I was a speaker on a Valentine’s Day Cruise last week. What I observed did not support that idea.
What I saw was a lot of . . .” and then they got married, and became disappointed and disillusioned not too long after.”
Of the 31 people in my seminar, 25 of them had experienced marital breakups. Of those, 11 of them cited infidelity by their partner as the cause.
Most of those who experienced that event in their lives were more than deeply wounded by it.
Naturally, our sympathy nearly always goes to the aggrieved party, because we can easily identify with their pain. We can readily imagine how we would feel if our partner betrayed us in that way.
On the other hand, we have precious little sympathy left for the one who strayed and did the cheating, especially if it repeatedly happened.
However, my contention is that there’s very little difference between being a victim or a perpetrator, in energetic terms. Each is the opposite side of the same coin. The big difference is how much support we get.
Of the 31 people in the room, (14 couples, 17 singles), 8 openly admitted to having had affairs. Of those, there wasn’t one who didn’t feel a lot of guilt and shame about having lied, hurt their partner, and destroyed the trust on which their relationship was built. Their pain was equal to those they betrayed.
They were hurting, too, even if they were trying to hide it. They needed help no less than those who saw themselves as the victims.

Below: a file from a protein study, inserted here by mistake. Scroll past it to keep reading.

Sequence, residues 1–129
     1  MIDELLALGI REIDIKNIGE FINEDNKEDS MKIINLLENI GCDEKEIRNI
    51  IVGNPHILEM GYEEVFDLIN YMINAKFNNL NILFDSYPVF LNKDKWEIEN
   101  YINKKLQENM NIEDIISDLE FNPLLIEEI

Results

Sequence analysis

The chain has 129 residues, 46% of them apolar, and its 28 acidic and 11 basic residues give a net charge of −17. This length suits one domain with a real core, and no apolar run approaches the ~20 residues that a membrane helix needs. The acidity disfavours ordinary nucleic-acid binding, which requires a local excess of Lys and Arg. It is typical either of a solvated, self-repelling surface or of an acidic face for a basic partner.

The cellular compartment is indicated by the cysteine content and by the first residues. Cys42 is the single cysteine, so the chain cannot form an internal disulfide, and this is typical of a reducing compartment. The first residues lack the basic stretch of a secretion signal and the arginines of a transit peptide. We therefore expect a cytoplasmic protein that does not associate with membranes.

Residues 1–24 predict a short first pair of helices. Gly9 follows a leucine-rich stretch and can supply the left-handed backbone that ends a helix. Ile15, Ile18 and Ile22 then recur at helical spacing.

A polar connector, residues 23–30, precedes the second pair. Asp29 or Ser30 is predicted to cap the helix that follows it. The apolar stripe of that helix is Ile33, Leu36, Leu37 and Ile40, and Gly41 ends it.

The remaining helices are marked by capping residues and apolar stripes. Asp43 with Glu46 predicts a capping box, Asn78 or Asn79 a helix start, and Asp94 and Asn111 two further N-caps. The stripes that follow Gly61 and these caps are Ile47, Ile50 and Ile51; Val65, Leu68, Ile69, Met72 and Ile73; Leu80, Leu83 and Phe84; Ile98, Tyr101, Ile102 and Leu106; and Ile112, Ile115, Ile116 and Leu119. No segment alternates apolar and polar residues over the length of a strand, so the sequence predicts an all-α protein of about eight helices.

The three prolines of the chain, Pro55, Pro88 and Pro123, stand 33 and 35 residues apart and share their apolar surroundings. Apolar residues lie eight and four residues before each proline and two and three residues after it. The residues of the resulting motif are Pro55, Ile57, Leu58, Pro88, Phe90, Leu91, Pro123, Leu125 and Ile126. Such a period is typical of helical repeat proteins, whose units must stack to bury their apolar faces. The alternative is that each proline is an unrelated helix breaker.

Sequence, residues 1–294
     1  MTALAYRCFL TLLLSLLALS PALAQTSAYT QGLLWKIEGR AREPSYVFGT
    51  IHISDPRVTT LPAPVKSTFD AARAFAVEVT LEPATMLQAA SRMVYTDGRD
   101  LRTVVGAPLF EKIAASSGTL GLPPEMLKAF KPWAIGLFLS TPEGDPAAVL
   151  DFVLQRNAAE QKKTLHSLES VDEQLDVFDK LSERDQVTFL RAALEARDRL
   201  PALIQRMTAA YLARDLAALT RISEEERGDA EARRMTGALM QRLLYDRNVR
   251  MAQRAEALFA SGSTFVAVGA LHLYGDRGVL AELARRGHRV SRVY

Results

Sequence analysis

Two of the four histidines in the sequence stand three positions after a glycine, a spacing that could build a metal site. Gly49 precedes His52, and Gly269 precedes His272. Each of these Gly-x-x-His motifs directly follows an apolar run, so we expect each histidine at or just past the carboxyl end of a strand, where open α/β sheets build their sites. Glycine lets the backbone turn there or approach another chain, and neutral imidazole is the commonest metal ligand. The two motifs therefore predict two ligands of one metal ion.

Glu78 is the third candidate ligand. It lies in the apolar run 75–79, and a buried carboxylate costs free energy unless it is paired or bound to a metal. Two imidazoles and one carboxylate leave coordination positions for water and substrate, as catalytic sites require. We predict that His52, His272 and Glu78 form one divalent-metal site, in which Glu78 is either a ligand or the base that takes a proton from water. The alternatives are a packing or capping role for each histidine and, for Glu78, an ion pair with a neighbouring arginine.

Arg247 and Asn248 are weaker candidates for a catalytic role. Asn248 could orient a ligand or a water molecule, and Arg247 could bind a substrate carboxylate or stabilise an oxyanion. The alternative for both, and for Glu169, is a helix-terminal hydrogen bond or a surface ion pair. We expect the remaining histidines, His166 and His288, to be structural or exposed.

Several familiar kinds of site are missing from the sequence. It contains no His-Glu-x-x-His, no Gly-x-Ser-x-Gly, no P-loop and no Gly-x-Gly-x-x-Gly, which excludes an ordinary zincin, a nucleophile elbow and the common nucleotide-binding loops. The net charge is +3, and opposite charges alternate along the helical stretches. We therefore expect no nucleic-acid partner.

We see this all the time in our Radical Self-Forgiveness workshops. A very high proportion of people, both men and women, who come to this workshop, come to work through their guilt and shame for having cheated on their partners and having experienced their own version of hell as a consequence.
They recognize how much pain and chaos they have inflicted, not only on their own family, but on the person they had an affair with, and even on that person’s family. The damage done may have cost them their marriage, their children, their reputation, and so on.
Look what happened to Senator John Edwards after having been outed as a cheater on his wife, Elizabeth, while she was supporting his bid for the White House even while she was battling cancer.
Like we all do when we feel ashamed of what we have done, and whom we think we have become as a result of our actions, he did his best to hide it. Just as he did, we try to justify our own crimes, make excuses, and shift the blame onto others.
But, as much as we try to get ourselves off the hook, there’s no escaping the guilt and shame, not to mention the punishment.
I would have loved to have had him in my Radical Self-Forgiveness workshop and his wife, Elizabeth in my Miracles (Radical Forgiveness) workshop.
I might not have been able to save his career, nor could I have healed her cancer, but I most certainly could have saved both of them a great deal of pain.
Who knows what a difference it might have made to the outcome for them and everyone else involved?
The work Dinny Evans is now doing with prisoners doing life for murder in San Quentin State Prison also proves that it’s only when we bring forgiveness to bear on both the victim and the perpetrator that real healing can begin for either.
Conversely, it’s only when the victim realizes he or she was, at some level, responsible for creating the situation for his or her own spiritual growth, and the perpetrator is able to forgive himself or herself on the same grounds, that real peace can occur for both.
[For more information on how you can be involved in the prison project, click here.]